Saturday, 19 October 2013

Loneliness - a simple problem with complex answers.

Jeremy Hunt has been talking about the national shame of loneliness of the elderly in the UK ( . I feel like I have been harking on about this to anyone who will listen to me for ages. Perhaps even you, dear reader, is getting bored of my fixation with this issue.

But bear with me. Companionship is not just a nicety of civilised living. Loneliness is recognised risk factor for ill health, and it is a bell-weather for how society functions. The way we treat the elderly is a symptom of how fast, and how much, the functioning of modern society has changed. The pattern of our lives has altered so much that we have not yet adapted to deal with an issue that has not troubled previous generations in the way that it currently troubles us.

There are a number of truths that we need to consider: that individuals are living longer, that elderly individuals are often living not just longer lives, but significant periods of their lives in poor health; that families are now smaller and more dispersed. I would encourage you to absorb the impact of those three factors, to get away from the idea that somehow the elderly in our society are lonely because their families and communities have stopped caring about them. It is unhelpful to blame the attitude of families, and communities, in the way they care for the elderly, because it fails to acknowledge that the issue we have with the elderly is not just the result of a change in the way we care, but also of some profound changes in the way we live.

Perhaps your view on the issue is shaped by your direct experience. Perhaps you know of children who travel hundreds of miles each week to check in on their parents who live in a different town. Perhaps you have seen the worry, the stress and the anxiety caused by wanting to help, but not being able to, due to the insurmountable obstacles of the need to work, and the impossibility of moving cities.

Perhaps you know people who take no interest in their parents or grandparents. These people undoubtedly exist, but is theirs an attitude borne out of a habit of our age, or is it more complex than that?

Jeremy Hunt suggests that the start of an answer is simple: take a lesson from Asian families who tend to care for their elderly relatives at home. It might be that easy, but I doubt it.

The issue is underpinned by the impact of social mobility. Where I live, my neighbour was born in the house she still lives in. Her  brother lives across the road, and her son lives three doors away. In this context, it would be possible to take on a care burden. But she is relative rarity. For children growing up in Dorset today, the majority of them will have to move away to further their education, and to seek employment opportunities. In a world of heightened opportunities (recent recessions notwithstanding) the price we have had to pay for greater autonomy and choice in our life patterns has been the requirement to relocate. This won't change.

Add to this the rising reality of prolonged old age, and prolonged dependency in old age, on a scale never previously seen before, and one can really start to question to validity of any assertion that the main solution to loneliness in old age starts and ends at home with the family. That is not to say that it wouldn't be ideal - it is surely preferable to the elderly to be surround by their kin. The issue is that it is not practicable.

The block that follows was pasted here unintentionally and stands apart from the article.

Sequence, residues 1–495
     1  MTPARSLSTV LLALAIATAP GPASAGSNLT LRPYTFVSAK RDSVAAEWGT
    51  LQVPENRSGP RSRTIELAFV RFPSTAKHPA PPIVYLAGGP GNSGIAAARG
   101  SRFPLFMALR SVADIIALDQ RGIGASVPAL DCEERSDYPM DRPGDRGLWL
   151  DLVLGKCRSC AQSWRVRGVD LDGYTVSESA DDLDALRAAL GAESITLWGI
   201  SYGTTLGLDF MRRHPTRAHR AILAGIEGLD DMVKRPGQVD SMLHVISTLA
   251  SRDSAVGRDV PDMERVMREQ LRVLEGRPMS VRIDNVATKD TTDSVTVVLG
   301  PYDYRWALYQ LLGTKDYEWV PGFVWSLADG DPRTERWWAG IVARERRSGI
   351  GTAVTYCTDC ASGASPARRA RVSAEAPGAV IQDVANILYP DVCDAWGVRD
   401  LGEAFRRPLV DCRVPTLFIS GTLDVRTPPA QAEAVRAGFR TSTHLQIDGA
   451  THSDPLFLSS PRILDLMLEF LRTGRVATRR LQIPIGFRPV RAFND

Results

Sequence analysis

Where do we start in the search for practicable solutions? Any approached needs to be many pronged: it starts with consideration of how the frail elderly among us can be afforded the opportunity to interact with the people near us. This perhaps starts with some concept of surrogacy: if you are not supporting your own parents and grandparents, then perhaps there is something that you can do to support the parents or grandparents of someone else, who live near you. With small beginnings, the impact of paying this kind of volunteering forward could really begin to tell.

But the future for modern society needs to consider the impact it can have on stemming the tide of elderly disability: socially engage, mentally stimulated, and physically active elderly men and women accumulate illness and frailty less quickly than those who are not. Embedding not just a role, but a reciprocal obligation of society to accommodate the elderly, and the elderly to take part, heralds a future in which the elderly not just have a role, but a community network that enjoys their input, and then supportively wraps them up, as they become less able to take an active part.

What does that look like? It could be anything, but it to me, it looks like the elderly reading with primary school children, running workshops to teach children about the past, and the skills they developed over time. It involves cross-generational community projects, play schemes, sharing of hobbies, interests and sports through  local clubs. It looks like whatever you want it to look like, because it looks like whatever you make it.

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